Dr. Econ

What are the differences between debt and equity markets?

October 2005

First, some definitions

The debt market is the market where debt instruments are traded. Debt instruments are assets that require a fixed payment to the holder, usually with interest. Examples of debt instruments include bonds (government or corporate) and mortgages.

The equity market (often referred to as the stock market) is the market for trading equity instruments. Stocks are securities that are a claim on the earnings and assets of a corporation (Mishkin 1998). An example of an equity instrument would be common stock shares, such as those traded on the New York Stock Exchange.

How are debt instruments different from equity instruments?

There are important differences between stocks and bonds. Let me highlight several of them:

  1. Equity financing allows a company to acquire funds (often for investment) without incurring debt. On the other hand, issuing a bond does increase the debt burden of the bond issuer because contractual interest payments must be paid— unlike dividends, they cannot be reduced or suspended.

  2. Those who purchase equity instruments (stocks) gain ownership of the business whose shares they hold (in other words, they gain the right to vote on the issues important to the firm). In addition, equity holders have claims on the future earnings of the firm.

    In contrast, bondholders do not gain ownership in the business or have any claims to the future profits of the borrower. The borrower’s only obligation is to repay the loan with interest.

  3. Bonds are considered to be less risky investments for at least two reasons. First, bond market returns are less volatile than stock market returns. Second, should the company run into trouble, bondholders are paid first, before other expenses are paid. Shareholders are less likely to receive any compensation in this scenario.

How large are these markets?

It seems that the average person is much more aware of the equity (stock) market than of the debt market. Yet, the debt market is the much larger of the two. For example, in September 2005 (the most recent data available at the time this answer was written), about $218 billion of new corporate bonds were issued, as compared to slightly under $18 billion in new corporate stocks. Chart 1 compares new issues of corporate bonds and corporate stocks in the United States for the past ten years.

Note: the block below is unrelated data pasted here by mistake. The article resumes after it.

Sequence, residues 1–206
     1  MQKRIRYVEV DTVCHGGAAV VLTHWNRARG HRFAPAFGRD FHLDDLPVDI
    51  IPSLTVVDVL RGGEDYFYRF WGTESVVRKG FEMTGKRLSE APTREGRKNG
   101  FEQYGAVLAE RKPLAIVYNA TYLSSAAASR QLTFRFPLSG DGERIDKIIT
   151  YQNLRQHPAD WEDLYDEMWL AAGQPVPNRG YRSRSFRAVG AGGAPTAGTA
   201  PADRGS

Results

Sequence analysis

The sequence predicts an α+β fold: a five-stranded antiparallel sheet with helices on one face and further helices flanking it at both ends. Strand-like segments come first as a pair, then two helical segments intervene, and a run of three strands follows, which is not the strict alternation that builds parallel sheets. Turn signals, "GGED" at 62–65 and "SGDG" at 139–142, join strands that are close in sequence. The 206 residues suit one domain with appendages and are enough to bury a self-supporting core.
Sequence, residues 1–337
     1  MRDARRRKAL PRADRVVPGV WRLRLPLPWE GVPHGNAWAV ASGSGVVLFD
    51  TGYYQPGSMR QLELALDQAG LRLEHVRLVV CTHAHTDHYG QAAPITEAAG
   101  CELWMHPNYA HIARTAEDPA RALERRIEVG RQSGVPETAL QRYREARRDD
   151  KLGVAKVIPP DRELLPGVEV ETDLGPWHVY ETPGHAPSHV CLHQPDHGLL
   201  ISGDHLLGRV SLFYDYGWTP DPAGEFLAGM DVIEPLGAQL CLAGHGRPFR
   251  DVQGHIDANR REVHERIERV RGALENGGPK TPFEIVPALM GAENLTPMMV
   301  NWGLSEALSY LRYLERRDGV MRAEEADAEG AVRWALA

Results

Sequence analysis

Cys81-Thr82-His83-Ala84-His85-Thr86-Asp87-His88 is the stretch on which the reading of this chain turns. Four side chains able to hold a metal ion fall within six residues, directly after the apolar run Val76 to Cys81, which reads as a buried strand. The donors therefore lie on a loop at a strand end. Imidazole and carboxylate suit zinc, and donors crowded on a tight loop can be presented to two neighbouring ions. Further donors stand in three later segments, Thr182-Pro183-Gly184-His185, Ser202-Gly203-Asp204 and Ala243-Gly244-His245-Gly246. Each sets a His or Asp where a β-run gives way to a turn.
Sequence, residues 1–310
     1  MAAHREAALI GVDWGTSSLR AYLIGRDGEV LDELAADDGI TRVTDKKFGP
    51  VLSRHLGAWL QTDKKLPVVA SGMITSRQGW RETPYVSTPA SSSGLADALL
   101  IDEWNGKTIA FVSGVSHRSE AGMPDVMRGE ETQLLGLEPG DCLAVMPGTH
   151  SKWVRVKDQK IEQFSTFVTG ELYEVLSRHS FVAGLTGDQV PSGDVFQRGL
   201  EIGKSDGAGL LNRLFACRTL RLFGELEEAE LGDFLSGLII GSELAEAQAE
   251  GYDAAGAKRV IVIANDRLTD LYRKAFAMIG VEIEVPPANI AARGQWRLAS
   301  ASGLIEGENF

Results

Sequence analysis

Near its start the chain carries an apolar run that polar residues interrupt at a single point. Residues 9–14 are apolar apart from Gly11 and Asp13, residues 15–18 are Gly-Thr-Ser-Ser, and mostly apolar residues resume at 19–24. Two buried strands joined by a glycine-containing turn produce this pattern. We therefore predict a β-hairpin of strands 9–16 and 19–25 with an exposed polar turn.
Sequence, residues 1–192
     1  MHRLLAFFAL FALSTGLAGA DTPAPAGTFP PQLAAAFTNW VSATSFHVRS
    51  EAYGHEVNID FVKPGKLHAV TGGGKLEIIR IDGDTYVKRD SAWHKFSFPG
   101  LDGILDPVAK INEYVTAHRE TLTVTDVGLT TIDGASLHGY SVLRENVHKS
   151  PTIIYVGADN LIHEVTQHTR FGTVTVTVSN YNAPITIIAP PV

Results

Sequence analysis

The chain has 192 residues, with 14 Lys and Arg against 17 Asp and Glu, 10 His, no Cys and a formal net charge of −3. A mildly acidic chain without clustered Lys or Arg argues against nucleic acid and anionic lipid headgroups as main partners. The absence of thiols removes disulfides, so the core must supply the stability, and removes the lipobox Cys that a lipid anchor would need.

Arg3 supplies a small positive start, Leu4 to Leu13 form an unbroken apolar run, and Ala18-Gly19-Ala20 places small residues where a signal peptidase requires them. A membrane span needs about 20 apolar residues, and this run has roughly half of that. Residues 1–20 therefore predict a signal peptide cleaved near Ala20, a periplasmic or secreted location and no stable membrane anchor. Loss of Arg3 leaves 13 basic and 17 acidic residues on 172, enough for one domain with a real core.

Another way to compare the size of the two markets is to think about total amounts of debt and equity instruments outstanding at the end of a particular period. According to “Flow of Funds” data of March 2006, published by the Board of Governors of the Federal Reserve System for the fourth quarter of 2005, there was approximately $34,818 billion in outstanding debt instruments and about $18,199 billion in outstanding corporate equities. Thus, the size of the debt market as of the last quarter of 2005 was about twice that of the equity market.

Why are these markets important?

Both markets are of central importance to economic activity. The bond market is vital for economic activity because it is the market where interest rates are determined. Interest rates are important on a personal level, because they guide our decisions to save and to finance major purchases (such as houses, cars, and appliances, to give a few examples). From a macroeconomic standpoint, interest rates have an impact on consumer spending and on business investment.

Chart 2 below shows interest rates on select bonds with different risk properties for the last 10 years. The chart compares interest rates on corporate AAA bonds (highest quality bonds) and Baa bonds (medium-quality bonds) and long-term Treasury bonds (considered to be risk-free interest rate).

The stock market is equally important for economic activity because it affects both investment spending and consumer spending decisions. The price of shares determines the amount of funds that a firm can raise by selling newly issued stock. That, in turn, will determine the amount of capital goods this firm can acquire and, ultimately, the volume of the firm’s production.

Another aspect to consider is the fact that many U.S. households hold their wealth in financial assets (see Table 1 below). According the data from “Survey of Consumer Finances” published by the Federal Reserve System, in 2004, 1.8% of U.S. households held bonds (down from 3% in 2001), and 20.7% of U.S. households held stocks (down from 21.3% in 2001). Table 1 shows financial asset ownership data for 2004. In addition to this direct ownership of stocks and bonds, it’s important to remember that there are households who hold these instruments indirectly—in retirement accounts, for instance (more than half of U.S. households held retirement accounts in 2001). Poor performance of equity and debt markets reduces wealth of households who hold stocks and bonds. This, in turn, reduces their spending (via the wealth effect), slowing down the economy.

For a further discussion of financial markets and their importance, please see Ask Dr. Econ, January 2005.

View larger image of Table 1


References (as of April 2006)

Bucks, Brian, Kennickell, Arthur and Kevin B. Moore. 2006. “Recent Changes in U.S. Family Finances: Evidence from the 2001 and 2004 Survey of Consumer Finances.”

“Flow of Funds Accounts of the United States.” March 9, 2006. Board of Governors of the Federal Reserve System.

Mishkin, Frederic and Stanley Eakins. 2000. “Financial Markets and Institutions.” Reading, MA: Addison-Wesley Publishers.

“The Federal Reserve System: Purposes and Functions.” 2005. Board of Governors of the Federal Reserve System.

Mishkin, Frederic. 1998. “The Economics of Money, Banking, and Financial Markets,” 5th ed. Reading, MA: Addison-Wesley Publishers.